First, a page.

office space demand

Understanding the New Normal for Office Demand: How to Invest Accordingly

During the coronavirus pandemic, office utilization rates fell through the floor as the result of social distancing guidelines and stay-at-home orders mandated across several states. As the pandemic ends, office space utilization is on the rise – but experts at Fitch Ratings believe that the new normal utilization will remain lower than in previous years. Here’s what investors should know. 

Work-From-Home Flexibility is Here to Stay

The key driver for the lower office utilization rate is the work-from-home flexibility. During the pandemic, countless employers scrambled to find ways to keep their operations afloat despite social distancing requirements, and as a result, they sent their employees home with everything they needed to be productive remotely. While many companies expected this move to be temporary, many found that giving their workforce access to a remote or hybrid working environment improved their productivity. As such, hybrid and remote roles grew even as in-office role availability fell. Today, office demand continues to grow, but it is climbing toward a newer, much lower normal level 

By the Numbers

According to the Partnership for New York, 38% of office workers were in their physical workplaces in April 2022. Now, as of October 2022, that number has risen to 49%. This represents a sharp increase, but it is still much lower than the number of office workers present in their employers’ physical office spaces before the pandemic. While companies aren’t terminating their leases or selling their office spaces just yet, it is safe to say that office demand will be much lower in future years, and investors should plan accordingly.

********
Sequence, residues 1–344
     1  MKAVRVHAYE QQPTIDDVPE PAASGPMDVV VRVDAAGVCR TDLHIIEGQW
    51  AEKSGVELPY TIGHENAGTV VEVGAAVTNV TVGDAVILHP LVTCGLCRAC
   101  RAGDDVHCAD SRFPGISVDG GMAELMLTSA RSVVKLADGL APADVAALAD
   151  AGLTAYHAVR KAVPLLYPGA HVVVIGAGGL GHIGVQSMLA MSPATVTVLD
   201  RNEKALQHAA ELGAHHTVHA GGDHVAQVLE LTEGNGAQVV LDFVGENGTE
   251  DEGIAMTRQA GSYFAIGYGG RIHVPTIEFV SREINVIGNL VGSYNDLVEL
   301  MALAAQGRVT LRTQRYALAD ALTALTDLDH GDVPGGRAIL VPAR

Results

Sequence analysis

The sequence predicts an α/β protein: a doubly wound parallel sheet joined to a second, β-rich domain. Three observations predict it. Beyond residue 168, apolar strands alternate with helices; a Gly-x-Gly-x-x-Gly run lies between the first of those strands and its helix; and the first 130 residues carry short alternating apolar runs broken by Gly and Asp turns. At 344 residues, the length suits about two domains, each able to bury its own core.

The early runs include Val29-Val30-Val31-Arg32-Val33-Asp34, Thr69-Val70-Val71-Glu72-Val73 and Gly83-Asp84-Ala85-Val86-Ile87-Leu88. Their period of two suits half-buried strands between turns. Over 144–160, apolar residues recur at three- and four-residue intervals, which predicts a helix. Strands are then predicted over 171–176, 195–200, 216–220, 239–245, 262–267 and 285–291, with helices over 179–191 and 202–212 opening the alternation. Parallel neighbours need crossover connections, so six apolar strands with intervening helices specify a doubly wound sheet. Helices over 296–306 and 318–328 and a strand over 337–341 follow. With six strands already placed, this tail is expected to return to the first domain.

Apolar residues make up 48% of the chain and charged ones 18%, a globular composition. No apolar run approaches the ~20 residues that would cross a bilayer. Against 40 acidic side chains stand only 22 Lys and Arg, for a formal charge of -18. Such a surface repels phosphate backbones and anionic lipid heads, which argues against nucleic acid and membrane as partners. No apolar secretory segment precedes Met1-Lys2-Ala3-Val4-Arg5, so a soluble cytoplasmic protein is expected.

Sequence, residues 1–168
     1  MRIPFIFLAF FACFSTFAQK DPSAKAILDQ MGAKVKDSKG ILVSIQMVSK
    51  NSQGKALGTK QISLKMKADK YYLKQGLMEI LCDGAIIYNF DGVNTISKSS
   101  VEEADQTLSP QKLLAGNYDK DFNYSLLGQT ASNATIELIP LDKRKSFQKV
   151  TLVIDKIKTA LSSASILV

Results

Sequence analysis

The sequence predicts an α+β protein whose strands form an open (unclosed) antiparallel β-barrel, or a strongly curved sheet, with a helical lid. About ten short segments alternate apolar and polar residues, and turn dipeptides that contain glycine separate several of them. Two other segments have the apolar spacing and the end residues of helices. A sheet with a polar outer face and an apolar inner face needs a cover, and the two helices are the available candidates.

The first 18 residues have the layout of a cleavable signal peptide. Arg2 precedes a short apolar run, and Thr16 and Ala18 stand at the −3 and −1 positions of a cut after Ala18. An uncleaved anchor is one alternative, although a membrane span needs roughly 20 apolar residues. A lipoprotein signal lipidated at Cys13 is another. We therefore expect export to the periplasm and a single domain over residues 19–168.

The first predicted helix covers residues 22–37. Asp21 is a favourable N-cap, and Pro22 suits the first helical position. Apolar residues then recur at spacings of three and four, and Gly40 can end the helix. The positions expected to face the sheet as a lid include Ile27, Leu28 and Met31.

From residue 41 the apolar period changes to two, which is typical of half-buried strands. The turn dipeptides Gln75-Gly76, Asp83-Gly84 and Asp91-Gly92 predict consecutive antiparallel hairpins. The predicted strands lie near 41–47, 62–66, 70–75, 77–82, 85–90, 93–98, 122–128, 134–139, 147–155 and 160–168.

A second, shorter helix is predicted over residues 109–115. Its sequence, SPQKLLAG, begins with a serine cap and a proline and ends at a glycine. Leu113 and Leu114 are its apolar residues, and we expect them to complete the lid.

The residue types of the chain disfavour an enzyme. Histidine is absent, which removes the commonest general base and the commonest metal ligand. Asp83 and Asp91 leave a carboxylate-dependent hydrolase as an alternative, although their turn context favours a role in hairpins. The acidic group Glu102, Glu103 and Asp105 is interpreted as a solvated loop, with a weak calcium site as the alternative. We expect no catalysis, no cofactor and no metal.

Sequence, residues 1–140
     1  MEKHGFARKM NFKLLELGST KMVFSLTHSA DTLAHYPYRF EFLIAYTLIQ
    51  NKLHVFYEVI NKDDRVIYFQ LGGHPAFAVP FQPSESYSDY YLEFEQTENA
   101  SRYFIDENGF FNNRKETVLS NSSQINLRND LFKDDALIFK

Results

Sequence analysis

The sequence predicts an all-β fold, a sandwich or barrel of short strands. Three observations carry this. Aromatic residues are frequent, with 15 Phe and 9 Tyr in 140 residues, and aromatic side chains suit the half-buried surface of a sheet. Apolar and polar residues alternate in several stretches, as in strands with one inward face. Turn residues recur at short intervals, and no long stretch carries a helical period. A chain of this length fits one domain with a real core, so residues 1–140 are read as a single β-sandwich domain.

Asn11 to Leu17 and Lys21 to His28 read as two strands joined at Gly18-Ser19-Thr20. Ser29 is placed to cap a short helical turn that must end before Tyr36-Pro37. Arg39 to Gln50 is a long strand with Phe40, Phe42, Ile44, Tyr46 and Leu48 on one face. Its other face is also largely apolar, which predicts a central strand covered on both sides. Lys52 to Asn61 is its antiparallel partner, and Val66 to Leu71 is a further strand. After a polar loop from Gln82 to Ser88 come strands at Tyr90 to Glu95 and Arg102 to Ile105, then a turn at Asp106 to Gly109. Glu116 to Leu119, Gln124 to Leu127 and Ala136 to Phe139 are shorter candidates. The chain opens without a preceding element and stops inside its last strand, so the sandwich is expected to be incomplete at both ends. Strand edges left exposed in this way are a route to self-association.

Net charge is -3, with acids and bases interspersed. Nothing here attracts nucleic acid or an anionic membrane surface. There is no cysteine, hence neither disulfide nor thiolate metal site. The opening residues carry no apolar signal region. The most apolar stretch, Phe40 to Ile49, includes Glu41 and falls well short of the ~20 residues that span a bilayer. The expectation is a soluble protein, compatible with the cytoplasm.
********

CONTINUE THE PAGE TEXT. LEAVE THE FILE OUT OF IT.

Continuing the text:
What to Expect

If you own office space that you have leased to a company, there are a few things to consider: 

  • Office space leases are long-term – often about five years – and few companies break those leases. Use the time remaining in your tenants’ leases to research up-and-coming companies in the local area who might be interested in utilizing your space if your current tenants move at the end of their leases. 
  • Despite decreased demand, commercial rents continue to climb in response to rising federal interest rates. Be careful that your rents are in line with the current local market, especially if you plan to increase them at the end of your tenants’ current terms. 
  • Lowered demand for office space has also lowered the value and cost for these buildings, so if you’ve considered investing, the decision to buy may be difficult. You can obtain property cheaply right now, but be prepared for it to sit empty for a few months or even up to a year. Commercial space demand will increase in the future, but it is difficult to predict when. 

With more people working in remote or hybrid positions in today’s post-pandemic world, it comes as no real surprise that the demand for office space has fallen. While occupancy is on the rise, experts believe that investors and property owners should prepare themselves for a new normal low.